Perceptions of mis- or disinformation exposure predict political cynicism: Evidence from a two-wave survey during the 2018 US midterm elections

S. Mo Jones-Jang, Dam Hee Kim, Kate Kenski

Research output: Contribution to journalArticlepeer-review

Abstract

Despite a fast-growing body of literature on fake news and mis-/disinformation, there remains surprisingly little empirical work on the social/political consequences of exposure to false information. Addressing this issue, this study provides initial evidence that perceptions of false information exposure catalyze political cynicism. The findings from a two-wave panel survey during the 2018 US midterm elections reveal that perceptions of false information exposure 2 weeks before the election significantly predict the changes in political cynicism immediately after the election day. We also find that social media news use in Wave 1 significantly relates to political cynicism in Wave 2 indirectly through perceptions of mis-/disinformation exposure. The autoregressive regression model indicates that our findings are robust after controlling for prior levels of cynicism.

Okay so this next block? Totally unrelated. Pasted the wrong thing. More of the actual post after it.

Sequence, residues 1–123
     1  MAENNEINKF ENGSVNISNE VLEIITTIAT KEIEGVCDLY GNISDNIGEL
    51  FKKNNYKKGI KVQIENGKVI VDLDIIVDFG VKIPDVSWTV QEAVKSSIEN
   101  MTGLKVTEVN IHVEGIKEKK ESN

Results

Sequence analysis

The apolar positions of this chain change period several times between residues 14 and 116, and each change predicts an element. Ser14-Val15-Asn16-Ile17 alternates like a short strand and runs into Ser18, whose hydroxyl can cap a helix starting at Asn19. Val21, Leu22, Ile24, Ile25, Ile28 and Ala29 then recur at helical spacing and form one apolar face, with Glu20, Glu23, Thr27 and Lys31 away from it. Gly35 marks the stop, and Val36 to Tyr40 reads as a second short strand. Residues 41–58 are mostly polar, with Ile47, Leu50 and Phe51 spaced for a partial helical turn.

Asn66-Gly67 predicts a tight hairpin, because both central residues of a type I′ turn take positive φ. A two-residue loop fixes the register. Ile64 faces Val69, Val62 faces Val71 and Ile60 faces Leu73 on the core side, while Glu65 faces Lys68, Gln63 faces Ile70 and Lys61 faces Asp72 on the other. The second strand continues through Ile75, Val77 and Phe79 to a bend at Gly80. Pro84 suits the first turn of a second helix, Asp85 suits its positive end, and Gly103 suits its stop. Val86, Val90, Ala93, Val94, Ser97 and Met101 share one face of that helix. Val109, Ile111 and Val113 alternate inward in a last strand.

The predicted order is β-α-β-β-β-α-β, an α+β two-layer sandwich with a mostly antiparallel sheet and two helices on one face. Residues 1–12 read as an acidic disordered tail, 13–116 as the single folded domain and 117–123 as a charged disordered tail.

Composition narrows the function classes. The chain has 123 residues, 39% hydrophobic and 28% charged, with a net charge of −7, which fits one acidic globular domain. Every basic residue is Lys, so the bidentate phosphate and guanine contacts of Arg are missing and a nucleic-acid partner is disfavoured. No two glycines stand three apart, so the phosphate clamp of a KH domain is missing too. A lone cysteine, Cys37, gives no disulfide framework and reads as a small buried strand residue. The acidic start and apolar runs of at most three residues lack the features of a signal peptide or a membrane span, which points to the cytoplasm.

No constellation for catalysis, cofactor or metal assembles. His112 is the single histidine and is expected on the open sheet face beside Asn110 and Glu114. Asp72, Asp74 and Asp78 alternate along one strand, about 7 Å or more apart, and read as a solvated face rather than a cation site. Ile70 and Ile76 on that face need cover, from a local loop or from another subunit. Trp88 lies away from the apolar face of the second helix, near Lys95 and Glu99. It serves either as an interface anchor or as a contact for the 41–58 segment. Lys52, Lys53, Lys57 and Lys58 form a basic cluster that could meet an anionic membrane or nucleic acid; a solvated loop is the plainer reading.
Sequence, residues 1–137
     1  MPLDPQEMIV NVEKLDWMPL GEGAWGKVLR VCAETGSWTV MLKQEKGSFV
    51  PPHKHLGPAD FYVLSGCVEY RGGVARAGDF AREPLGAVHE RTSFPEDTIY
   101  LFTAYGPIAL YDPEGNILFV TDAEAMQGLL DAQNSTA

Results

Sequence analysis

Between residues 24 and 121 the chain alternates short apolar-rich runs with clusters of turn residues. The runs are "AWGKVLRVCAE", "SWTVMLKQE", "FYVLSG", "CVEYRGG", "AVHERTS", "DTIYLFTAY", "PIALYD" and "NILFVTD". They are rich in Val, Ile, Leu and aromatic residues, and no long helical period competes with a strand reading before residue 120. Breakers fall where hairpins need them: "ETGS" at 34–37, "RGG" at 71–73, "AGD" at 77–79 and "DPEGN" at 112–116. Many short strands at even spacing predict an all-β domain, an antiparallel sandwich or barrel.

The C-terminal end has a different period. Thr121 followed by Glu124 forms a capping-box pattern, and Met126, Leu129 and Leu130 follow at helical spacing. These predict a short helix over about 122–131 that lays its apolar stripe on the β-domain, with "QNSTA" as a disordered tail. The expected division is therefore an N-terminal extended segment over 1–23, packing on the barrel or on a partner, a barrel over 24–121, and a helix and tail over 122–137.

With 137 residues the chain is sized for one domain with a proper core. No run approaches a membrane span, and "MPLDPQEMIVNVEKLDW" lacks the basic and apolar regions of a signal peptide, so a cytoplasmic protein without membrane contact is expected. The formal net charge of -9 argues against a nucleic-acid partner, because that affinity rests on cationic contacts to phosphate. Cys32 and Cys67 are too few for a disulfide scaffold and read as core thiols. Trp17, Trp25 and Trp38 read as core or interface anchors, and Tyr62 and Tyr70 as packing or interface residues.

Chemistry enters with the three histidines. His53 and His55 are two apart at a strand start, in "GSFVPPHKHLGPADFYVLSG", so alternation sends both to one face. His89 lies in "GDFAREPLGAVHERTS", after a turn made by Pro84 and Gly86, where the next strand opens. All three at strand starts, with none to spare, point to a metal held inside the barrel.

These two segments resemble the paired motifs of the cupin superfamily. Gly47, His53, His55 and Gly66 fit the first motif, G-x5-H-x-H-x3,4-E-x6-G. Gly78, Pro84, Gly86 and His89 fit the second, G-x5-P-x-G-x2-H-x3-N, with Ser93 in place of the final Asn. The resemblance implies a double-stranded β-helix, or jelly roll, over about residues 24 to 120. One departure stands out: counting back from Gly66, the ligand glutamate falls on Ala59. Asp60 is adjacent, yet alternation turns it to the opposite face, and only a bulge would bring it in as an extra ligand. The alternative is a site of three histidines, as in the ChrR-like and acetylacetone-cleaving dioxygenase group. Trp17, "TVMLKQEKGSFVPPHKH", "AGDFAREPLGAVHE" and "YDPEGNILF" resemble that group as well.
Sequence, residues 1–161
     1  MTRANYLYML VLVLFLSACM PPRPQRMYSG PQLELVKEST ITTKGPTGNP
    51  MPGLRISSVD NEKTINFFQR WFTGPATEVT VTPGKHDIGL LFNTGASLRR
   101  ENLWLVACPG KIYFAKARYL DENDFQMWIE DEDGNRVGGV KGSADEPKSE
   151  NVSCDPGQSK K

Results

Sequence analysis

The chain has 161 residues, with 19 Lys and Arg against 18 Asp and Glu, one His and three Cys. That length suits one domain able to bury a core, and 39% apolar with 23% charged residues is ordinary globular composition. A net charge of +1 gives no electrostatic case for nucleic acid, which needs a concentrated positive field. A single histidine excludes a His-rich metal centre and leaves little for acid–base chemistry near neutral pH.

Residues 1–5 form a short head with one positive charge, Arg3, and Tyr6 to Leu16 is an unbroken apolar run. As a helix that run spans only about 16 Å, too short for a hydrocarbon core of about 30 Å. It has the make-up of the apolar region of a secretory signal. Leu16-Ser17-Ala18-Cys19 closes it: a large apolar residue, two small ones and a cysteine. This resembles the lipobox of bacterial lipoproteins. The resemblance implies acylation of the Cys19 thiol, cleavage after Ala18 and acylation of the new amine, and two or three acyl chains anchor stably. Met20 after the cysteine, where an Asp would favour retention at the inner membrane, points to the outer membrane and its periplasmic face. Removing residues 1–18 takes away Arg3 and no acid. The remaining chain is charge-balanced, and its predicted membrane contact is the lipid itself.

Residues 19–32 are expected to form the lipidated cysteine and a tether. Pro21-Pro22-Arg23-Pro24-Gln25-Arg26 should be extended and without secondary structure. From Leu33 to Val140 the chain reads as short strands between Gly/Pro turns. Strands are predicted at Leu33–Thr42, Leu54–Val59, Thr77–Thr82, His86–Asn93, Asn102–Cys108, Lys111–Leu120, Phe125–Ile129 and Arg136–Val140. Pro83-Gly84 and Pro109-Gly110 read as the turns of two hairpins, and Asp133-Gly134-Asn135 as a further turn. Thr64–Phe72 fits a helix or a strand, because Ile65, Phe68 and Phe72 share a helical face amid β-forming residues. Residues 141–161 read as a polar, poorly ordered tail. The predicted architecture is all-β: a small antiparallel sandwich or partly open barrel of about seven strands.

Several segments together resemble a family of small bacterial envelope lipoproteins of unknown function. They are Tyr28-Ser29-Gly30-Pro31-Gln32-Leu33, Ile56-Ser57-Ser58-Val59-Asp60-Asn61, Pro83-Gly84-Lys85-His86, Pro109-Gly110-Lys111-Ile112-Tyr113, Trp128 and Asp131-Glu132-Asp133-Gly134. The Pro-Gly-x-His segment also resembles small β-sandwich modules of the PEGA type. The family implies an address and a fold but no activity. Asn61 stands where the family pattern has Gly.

Original languageEnglish (US)
JournalNew Media and Society
DOIs
StateAccepted/In press - 2020

Keywords

  • Cynicism
  • disinformation
  • fake news
  • midterm elections
  • misinformation
  • social media

ASJC Scopus subject areas

  • Communication
  • Sociology and Political Science

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